New Zealand’s truancy crisis is only going to get worse if schools aren’t required to submit their attendance data, says National’s Education spokesperson Paul Goldsmith.
Data released to National shows a third of Kiwi kids aren’t regularly attending school, with the Party claiming the situation is even worse for decile 1 students where not even half are making it to class frequently.
“New Zealand’s appalling attendance rate threatens the learning progress of our kids,” says Goldsmith.
“But this isn’t even the full picture, because 70 schools didn’t submit any attendance data last year. We won’t know the full scale of the problem and who needs additional support if schools don’t provide the information.
“Attendance at school and student achievement are directly linked. We will never turnaround our slide down the international rankings in maths, english and science if we don’t make headway on our growing truancy crisis.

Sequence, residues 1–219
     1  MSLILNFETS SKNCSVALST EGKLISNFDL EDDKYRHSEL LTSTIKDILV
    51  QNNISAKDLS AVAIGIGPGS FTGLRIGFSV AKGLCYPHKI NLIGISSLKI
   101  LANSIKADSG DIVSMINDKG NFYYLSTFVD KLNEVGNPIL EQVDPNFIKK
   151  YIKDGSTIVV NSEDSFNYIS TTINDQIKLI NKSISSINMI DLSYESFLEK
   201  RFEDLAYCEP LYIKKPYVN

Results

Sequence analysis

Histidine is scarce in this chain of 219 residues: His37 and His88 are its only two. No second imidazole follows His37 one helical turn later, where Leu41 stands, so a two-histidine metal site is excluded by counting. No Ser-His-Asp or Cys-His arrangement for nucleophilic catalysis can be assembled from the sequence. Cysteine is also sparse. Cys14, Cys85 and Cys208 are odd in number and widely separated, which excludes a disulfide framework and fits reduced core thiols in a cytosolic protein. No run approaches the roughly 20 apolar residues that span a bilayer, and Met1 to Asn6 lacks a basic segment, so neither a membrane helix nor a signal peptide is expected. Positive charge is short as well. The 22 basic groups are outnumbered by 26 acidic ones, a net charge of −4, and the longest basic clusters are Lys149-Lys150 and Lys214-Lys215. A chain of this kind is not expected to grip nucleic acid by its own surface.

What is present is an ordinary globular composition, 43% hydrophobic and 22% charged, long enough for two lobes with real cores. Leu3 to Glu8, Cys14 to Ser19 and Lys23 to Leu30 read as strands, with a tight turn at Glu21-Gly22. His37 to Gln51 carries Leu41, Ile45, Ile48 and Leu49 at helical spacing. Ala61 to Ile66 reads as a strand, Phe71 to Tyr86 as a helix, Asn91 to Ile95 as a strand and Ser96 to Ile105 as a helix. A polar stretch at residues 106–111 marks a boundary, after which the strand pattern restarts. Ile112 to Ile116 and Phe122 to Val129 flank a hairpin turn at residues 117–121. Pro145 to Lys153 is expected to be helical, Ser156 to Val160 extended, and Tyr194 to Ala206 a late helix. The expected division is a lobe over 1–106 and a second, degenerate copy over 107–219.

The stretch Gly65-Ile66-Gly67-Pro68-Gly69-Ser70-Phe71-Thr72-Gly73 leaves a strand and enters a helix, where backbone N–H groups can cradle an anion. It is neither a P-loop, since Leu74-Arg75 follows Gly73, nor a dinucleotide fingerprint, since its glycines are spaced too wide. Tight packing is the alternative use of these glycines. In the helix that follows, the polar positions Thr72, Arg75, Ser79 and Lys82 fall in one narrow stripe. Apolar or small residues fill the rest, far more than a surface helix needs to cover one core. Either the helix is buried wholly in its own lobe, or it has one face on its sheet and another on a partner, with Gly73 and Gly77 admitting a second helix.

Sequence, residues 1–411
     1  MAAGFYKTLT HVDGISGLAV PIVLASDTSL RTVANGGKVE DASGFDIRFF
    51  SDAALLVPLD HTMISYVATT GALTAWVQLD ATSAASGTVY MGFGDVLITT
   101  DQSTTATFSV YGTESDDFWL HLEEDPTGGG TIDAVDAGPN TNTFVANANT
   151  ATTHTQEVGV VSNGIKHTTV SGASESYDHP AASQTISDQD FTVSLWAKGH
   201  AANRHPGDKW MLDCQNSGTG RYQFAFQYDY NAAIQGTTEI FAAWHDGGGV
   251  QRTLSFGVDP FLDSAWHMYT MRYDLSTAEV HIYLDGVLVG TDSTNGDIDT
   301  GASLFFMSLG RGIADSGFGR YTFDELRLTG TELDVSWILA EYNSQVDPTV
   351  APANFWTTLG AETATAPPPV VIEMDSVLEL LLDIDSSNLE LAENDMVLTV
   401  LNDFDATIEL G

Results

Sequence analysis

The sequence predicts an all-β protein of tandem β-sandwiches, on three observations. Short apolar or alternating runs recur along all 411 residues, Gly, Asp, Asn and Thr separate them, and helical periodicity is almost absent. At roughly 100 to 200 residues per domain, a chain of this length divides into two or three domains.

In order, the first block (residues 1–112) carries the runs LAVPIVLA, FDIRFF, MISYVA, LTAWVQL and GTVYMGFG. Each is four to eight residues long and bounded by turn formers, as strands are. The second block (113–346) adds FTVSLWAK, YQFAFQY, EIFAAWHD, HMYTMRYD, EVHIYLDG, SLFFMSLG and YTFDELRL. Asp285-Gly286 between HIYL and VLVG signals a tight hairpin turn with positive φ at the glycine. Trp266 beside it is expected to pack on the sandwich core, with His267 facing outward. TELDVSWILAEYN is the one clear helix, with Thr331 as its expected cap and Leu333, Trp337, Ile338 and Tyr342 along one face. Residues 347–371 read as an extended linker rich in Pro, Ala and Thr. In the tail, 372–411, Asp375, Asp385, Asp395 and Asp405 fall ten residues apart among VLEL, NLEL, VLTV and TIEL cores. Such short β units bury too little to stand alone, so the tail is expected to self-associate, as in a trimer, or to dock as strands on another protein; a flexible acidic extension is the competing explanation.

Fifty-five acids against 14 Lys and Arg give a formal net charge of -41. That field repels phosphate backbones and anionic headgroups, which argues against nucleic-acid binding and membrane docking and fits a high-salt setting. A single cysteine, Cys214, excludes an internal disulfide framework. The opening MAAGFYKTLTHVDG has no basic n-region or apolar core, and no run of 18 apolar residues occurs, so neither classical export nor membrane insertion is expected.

“Kids cannot learn if they’re not in the classroom. Our truancy crisis has impacted all deciles and age groups since 2015. However it is concerning primary and low decile schools are overrepresented in the 70 schools.
“Requiring all schools to submit their attendance data is a simple first step in the hard work required to tackle our truancy crisis. Making sure kids attend school regularly should be its number one priority.”
Meanwhile, National also came put this week to insist the Government implements ‘a standardised way to measure progress to make sure no children fall through the cracks’.
Goldsmith says, “We need a standardised measure of progress to identify those students who might need additional help and to make sure they get that help.
“Education Minister Chris Hipkins has previously insisted the curriculum provides these clear measures, but advice from his own officials doesn’t back that up.
“Labour abolished National Standards with no alternative or plan to measure student progress. We’re now in situation where we don’t know ‘when to worry’ about a student’s achievement.
“A ‘refreshed’ curriculum won’t be available until 2025 which means we’re at risk of a generation of students going through our school system missing out on the additional support or help they need and could’ve had if we had an adequate way to measure progress.
“A good education can see children overcome some of the challenges they face purely because of the circumstances into which they were born.”